Life Sciences and Agriculture

Acta Biologica Cracoviensia s. Botanica

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Acta Biologica Cracoviensia s. Botanica | 2021 | Vol. 63 | No 2 |

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Abstract

Morpho-anatomical characteristics of Vaccinium myrtillus, V. uliginosum and V. vitis-idaea leaves from several sites of the Central Balkans were examined. The aim of this study was to investigate for the first time morpho-anatomical leaf traits of these species in the studied populations and to identify traits that follow a specific trend along the gradients of climate factors. Leaf traits that discriminate Vaccinium species were as follows: depth of the adaxial cuticule (AdC), thickness of the palisade tissue (PT), thickness of the spongy tissue (ST), height of the abaxial epidermal cells (AbE), height of the abaxial cuticule (AbC) and leaf thickness (LT). Populations of V. myrtillus were characterized by the smallest, and populations of V. vitis-idaea by the highest values for AdC, PT, ST, AbE and LT. Additionally, AbC was significantly larger for V. uliginosum in comparison to two other species. On the basis of morpho-anatomical traits, intraspecific variability of the studied species was explored by Principal Component Analysis (PCA), Cluster Analysis (CA) and Analysis of Variance (ANOVA). CA based on 10 morpho-anatomical traits showed that populations of V. myrtillus and V. uliginosum that grew at lower altitudes (characterized by higher mean annual temperature) are more similar to each other. Especially V. myrtillus was responsive to the elevational gradient and exhibited the highest plasticity in morpho-anatomical leaf traits. Populations of V. vitis-idaea had a different pattern of differentiation along the elevational gradient. CA showed that the populations at the lowest and at the highest altitudes were more similar according to the morpho-anatomical leaf traits, meaning that evergreen leaves were more resistant to environmental conditions.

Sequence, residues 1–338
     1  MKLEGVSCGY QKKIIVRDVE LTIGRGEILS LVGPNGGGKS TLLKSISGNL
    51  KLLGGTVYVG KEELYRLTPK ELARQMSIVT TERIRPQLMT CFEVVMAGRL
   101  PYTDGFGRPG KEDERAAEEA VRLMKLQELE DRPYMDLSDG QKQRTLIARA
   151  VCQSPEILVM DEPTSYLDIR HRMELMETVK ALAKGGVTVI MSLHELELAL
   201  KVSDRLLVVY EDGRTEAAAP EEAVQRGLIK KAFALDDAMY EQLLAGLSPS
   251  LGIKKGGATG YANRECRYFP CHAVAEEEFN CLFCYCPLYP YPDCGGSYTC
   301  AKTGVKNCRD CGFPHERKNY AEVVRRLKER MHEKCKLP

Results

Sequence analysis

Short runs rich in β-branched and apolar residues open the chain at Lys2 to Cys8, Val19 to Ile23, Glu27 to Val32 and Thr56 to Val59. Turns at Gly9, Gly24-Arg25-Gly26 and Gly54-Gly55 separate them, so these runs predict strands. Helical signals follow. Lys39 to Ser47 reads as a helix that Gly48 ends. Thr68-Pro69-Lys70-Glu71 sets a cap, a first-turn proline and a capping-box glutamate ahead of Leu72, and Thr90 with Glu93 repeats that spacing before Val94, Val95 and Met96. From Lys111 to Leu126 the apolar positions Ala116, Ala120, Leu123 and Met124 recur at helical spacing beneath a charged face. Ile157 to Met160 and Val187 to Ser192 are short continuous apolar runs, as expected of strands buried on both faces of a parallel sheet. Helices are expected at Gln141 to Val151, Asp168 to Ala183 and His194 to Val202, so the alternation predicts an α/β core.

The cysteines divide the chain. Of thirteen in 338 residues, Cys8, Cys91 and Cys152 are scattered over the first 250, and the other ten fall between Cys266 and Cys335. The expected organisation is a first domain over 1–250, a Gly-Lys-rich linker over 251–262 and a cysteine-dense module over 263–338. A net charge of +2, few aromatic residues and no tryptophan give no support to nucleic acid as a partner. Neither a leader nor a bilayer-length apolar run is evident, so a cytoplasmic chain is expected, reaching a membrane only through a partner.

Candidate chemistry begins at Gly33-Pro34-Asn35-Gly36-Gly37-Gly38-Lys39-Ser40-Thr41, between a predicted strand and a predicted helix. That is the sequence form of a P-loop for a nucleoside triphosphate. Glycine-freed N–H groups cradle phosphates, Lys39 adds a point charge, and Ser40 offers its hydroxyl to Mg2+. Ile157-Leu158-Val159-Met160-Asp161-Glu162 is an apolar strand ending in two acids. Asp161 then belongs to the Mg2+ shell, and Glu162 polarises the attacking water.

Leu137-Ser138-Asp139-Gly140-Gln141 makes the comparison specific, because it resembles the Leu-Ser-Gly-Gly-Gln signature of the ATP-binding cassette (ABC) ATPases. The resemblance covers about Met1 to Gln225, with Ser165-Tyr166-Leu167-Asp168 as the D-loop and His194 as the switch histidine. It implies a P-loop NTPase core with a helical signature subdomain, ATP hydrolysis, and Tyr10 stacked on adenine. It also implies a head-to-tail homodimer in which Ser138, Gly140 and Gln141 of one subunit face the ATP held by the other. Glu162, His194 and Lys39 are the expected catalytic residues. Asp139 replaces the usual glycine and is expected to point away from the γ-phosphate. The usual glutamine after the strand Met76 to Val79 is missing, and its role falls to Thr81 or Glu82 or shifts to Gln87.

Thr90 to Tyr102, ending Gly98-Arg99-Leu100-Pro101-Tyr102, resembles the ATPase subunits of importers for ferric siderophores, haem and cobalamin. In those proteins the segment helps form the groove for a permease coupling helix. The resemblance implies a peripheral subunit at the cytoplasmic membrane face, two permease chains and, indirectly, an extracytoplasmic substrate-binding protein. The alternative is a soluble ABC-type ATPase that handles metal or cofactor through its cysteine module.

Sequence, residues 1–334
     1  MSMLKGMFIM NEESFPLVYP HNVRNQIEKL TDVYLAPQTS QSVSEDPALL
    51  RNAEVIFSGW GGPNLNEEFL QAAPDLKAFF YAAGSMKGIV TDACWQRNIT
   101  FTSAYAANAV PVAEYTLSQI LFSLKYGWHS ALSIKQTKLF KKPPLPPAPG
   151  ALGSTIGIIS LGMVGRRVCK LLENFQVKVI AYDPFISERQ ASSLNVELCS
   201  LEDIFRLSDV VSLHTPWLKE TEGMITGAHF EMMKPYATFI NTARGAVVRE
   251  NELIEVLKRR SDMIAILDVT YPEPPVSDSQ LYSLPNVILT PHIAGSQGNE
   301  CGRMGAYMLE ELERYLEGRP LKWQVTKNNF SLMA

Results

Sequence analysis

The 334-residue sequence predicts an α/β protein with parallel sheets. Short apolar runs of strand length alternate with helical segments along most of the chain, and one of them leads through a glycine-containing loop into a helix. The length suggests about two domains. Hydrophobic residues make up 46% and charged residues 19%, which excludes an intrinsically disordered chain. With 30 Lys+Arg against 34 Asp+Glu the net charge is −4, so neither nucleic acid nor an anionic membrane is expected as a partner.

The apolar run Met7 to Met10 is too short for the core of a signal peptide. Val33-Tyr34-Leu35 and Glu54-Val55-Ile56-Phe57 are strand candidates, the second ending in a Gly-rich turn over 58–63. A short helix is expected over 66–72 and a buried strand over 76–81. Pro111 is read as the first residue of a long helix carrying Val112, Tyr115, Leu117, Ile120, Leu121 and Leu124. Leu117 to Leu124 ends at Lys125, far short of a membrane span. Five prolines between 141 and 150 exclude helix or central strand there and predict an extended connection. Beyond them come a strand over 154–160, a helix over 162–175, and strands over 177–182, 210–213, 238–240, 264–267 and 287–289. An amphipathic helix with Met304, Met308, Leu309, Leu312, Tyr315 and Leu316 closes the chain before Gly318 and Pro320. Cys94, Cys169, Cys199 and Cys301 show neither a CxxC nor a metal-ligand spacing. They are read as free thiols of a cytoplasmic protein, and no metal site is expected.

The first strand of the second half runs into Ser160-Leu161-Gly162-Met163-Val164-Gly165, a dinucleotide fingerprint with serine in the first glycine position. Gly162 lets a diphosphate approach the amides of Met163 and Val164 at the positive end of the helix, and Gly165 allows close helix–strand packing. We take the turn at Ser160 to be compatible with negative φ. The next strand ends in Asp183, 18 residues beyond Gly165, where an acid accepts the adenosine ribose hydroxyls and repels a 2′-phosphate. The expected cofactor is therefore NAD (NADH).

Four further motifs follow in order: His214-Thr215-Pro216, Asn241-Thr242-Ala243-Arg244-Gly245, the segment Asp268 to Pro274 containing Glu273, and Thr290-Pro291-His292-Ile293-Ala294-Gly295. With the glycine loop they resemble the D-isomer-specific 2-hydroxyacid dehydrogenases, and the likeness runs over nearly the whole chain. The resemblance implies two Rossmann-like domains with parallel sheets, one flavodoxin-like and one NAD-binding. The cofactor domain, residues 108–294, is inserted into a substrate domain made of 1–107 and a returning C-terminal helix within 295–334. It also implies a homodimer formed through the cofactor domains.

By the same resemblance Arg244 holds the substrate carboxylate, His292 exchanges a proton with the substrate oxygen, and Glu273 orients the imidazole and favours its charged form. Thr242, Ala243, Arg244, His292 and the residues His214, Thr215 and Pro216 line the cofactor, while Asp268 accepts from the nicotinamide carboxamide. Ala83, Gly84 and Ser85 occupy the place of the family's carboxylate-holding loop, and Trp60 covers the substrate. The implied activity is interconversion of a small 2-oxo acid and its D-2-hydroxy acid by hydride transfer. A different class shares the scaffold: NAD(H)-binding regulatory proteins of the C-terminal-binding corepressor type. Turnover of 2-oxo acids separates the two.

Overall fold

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Authors and Affiliations

Ivana Bjedov
1
Dragica Obratov-Petković
1
Vera Rakonjac
2
Dragana Skočajić
1
Srđan Bojović
3
Milena Marković
3
Zora Dajić-Stevanović
3

  1. University of Belgrade – Faculty of Forestry, Kneza Višeslava 1, 11000 Belgrade, Serbia
  2. University of Belgrade – Faculty of Agriculture, Nemanjina 6, 11080 Belgrade – Zemun, Serbia
  3. Institute for Biological Research “Siniša Stanković“, Bulevar Despota Stefana142, 11000 Belgrade, Serbia
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Abstract

Horizontal gene transfer (HGT) is a process that allows genetic material to flow between even distantly related organisms. It is primarily observed in bacteria and protists but also in different lineages of eucaryotes. The first HGT cases in plants were discovered at the beginning of the 21st century and have been intensively studied ever since. Researchers have placed particular emphasis on the plant kingdom, especially parasitic plants. This review presents the current state of knowledge about this phenomenon in plants, with a special focus on parasitic plants.
Among the described factors facilitating HGT, close physical contact between organisms is believed to be one of the most important. It is noted especially in the case of parasitism and similar relationships. For that reason, reported occurrences of this phenomenon in holoparasites, hemiparasites, and mycoheterotrophic plants are compared. The mechanisms responsible for HGT in plants still remain unclear, however, the studies described here suggest that both DNA and RNA may play a role as a carrier in that process. Also, the transfer between genomes of different organelles in the cell, intracellular gene transfer (IGT), and its relationships with HGT are described. The occurrence of the HGT and IGT phenomena concerning different genomes: nuclear, mitochondrial, and plastid is discussed in the review. Finally, some future areas of research in the field are proposed.
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Authors and Affiliations

Grzegorz Góralski
1
ORCID: ORCID
Magdalena Denysenko-Bennett
1
ORCID: ORCID
Anna Burda
1
ORCID: ORCID
Natalia Staszecka-Moskal
1
ORCID: ORCID
Dagmara Kwolek
1
ORCID: ORCID

  1. Institute of Botany, Faculty of Biology, Jagiellonian University, Gronostajowa 9, 30-387 Kraków, Poland